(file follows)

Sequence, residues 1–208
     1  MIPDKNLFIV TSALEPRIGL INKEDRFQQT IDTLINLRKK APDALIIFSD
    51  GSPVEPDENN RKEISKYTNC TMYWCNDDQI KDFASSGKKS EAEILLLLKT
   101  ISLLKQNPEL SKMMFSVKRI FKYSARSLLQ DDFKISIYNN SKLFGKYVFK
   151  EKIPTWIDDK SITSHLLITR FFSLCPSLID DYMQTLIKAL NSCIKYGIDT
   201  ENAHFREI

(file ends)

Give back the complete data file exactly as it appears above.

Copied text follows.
Sequence, residues 1–208
     1  MIPDKNLFIV TSALEPRIGL INKEDRFQQT IDTLINLRKK APDALIIFSD
    51  GSPVEPDENN RKEISKYTNC TMYWCNDDQI KDFASSGKKS EAEILLLLKT
   101  ISLLKQNPEL SKMMFSVKRI FKYSARSLLQ DDFKISIYNN SKLFGKYVFK
   151  EKIPTWIDDK SITSHLLITR FFSLCPSLID DYMQTLIKAL NSCIKYGIDT
   201  ENAHFREI